Yesasia is generally reliable, but packages can take a long time to arrive. They offer free shipping with orders over $39 and an express option for shipments to Canada and the United States. They used to pay import fees for the U.S., but as of May 2014, they no longer do that and the customer is responsible for those.

HMV is the best website to order from if you would like to buy items in bulk. They offer cheaper prices for this and they have a points system if you use a registered account. HMV only uses EMS for shipping and prices vary from country to country. You may also have to pay extra import fees and taxes.

Amazon does not normally offer Japanese music, but you can order directly from Amazon Japan with no need for a Japanese credit card or address. Though prices include Japanese sales tax, you are not required to pay those. Oftentimes, Amazon Japan also offers pre-order discounts for new and upcoming releases, ranging anywhere from 1% to 30%, and less often include Amazon-specific bonuses. Items ship around a day and a half before release, and arrive in perfect condition. (Thanks to Ryusenkai for this info)

Japanese record labels have their own stores that fans can purchase music from, and they can include exclusive bonus items. To purchase from these stores, you are required to have a Japanese address. Luckily there are ways to get around this! If you use a Japanese forwarding service such as Tenso, they will receive your purchased items for you and then ship them to your address! There’s a membership fee involved, but it’s a worthwhile expense if you’re interested in Japan-exclusive goodies.

If the cost of Japan’s physical releases proves to be too expensive for you, digital purchase is another option. Japanese releases on international iTunes stores are rare, but you can buy singles and albums from iTunes Japan if you have a Japanese iTunes account. Onehallyu user Danseryu has put together a picture tutorial on creating an account here.

Livestreams and Event Updates

It’s normal to have official livestreams or high quality fan-run streams for Korean music shows and large events such as award shows. In J-pop it’s less common to have official streams run by TV stations and companies, so fans mostly rely on unofficial streams run by other fans. Sites like MTV81 will run concert and red carpet streams from time to time, as well as minute by minute updates in English from large festivals and events. The Japanese website Modelpress updates with photos from red carpet events and release events for music, books, and more.

The Japanese website NicoVideo is used for streaming exclusive release events and it allows fans to comment and artists to answer them in real time. If you create an account, you can also save an archive of the stream for a limited amount of time. See a step by step picture tutorial on creating a NicoVideo account on Onehallyu!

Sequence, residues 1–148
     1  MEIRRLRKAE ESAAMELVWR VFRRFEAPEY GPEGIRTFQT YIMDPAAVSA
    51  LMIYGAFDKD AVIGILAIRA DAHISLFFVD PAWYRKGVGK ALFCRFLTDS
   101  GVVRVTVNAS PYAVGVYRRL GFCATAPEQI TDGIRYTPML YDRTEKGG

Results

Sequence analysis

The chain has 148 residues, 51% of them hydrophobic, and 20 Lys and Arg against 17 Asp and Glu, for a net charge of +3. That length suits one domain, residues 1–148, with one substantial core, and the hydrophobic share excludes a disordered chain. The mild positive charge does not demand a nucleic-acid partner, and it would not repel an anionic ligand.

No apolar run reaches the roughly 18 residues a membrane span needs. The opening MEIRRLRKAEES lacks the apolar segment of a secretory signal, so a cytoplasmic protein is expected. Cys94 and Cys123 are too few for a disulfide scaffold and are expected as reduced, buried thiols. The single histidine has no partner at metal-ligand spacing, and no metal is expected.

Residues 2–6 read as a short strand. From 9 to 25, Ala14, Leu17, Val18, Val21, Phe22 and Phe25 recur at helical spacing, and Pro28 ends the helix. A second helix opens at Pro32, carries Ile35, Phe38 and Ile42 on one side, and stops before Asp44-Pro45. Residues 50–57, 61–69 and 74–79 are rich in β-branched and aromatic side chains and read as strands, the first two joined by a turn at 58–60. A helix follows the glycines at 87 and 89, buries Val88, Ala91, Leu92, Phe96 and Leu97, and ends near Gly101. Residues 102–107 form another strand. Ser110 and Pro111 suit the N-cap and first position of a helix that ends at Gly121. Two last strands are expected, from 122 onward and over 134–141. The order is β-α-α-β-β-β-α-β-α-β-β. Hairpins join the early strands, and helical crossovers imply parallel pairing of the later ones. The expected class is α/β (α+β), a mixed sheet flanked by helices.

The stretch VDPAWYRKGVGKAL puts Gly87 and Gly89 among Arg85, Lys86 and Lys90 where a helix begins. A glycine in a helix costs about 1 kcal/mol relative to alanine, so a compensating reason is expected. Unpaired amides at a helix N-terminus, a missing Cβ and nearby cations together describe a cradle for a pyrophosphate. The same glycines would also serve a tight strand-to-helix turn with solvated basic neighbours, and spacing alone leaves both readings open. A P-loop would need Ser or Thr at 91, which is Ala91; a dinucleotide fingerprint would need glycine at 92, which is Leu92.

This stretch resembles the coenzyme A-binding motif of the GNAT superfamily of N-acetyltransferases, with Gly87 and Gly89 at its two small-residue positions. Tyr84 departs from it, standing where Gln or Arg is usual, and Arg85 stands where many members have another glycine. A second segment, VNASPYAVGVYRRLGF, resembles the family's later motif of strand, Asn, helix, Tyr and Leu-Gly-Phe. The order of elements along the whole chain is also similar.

What to expect from future articles

I’ve only scratched the surface on the subject of accessibility, but I’ll leave it here for now. In the coming months, this series will cover a variety of topics concerning music, but there will also be pieces on TV/variety, movies, dramas, fashion, and culture. The similarities and differences these things share with other Asian entertainment industries will also be a major subject of discussion. By taking the time to do this, we hope to make following the Japanese music industry fun and less like a chore for anyone interested.

Add your comments and questions below! If you have a specific subject you would like covered in these guides, you may also leave that in the comments. Thanks for reading!

Next time: Artist Debuts, Record Labels, and Management Companies
[Coming January 22nd]

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4 thoughts on “Japanese Entertainment 101: Accessibility

  1. Thank you for writing this. I’m a long time anime/manga fan and just became a K-pop fan 2 years ago. It frustrate me (and also piss me off) that Japan is not taking the international market seriously when it comes to music unlike South Korea. I even heard J-entertainment seem to look down on international fans (must be because of Japan’s institutional xenophobia) that is preventing this. I mean I read it on Billboard that Japan’s music sale has decline for many years and with that tax hike, it’s going to be worse.

    Another bad news is that because of the Korean Wave/Hallyu, other Asian countries like Taiwan is trying to replicate what South Korea in other word they want their pop music to go global and create idols/artists that can rival K-pop/Koreans on a global scale. Japan is not putting any effort to replicate that and I read something about Japan’s de-globalization while other Asian countries are gaining more globalization knowledge. This is very sad for Japan and need to be fix. and make it more accessible for fans around the world.